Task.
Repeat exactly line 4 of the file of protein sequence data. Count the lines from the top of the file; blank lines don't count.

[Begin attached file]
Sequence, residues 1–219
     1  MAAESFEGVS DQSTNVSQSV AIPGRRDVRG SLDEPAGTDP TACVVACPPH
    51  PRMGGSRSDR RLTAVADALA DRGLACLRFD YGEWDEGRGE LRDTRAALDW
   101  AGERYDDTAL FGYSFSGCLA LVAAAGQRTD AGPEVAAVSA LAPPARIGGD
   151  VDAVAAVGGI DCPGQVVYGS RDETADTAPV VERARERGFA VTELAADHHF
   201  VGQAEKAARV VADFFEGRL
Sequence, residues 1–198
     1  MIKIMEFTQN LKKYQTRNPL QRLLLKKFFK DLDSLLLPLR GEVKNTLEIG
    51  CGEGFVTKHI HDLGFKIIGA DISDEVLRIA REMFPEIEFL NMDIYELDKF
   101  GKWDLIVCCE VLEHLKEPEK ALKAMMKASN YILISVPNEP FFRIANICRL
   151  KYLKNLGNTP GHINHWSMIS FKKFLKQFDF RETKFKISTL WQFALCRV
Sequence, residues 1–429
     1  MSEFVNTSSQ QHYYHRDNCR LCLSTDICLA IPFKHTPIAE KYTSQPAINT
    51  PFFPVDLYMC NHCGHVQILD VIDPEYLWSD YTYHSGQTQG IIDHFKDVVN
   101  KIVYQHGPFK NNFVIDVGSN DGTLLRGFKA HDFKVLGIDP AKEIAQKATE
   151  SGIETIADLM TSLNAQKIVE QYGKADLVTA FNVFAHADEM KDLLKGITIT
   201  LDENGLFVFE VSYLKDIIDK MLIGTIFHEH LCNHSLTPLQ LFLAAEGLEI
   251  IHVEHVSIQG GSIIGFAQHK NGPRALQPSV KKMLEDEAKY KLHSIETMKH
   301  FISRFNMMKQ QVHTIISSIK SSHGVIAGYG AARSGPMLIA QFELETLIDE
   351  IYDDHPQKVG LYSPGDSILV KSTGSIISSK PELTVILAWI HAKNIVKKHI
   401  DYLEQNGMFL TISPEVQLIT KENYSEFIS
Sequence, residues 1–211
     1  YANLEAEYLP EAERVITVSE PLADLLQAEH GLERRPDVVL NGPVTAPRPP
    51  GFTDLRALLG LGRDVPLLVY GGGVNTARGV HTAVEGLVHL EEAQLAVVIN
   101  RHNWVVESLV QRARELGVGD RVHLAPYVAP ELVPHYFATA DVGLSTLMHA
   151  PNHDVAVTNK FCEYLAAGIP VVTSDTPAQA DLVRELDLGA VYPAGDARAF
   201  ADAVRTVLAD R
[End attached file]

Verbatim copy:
   101  AGERYDDTAL FGYSFSGCLA LVAAAGQRTD AGPEVAAVSA LAPPARIGGD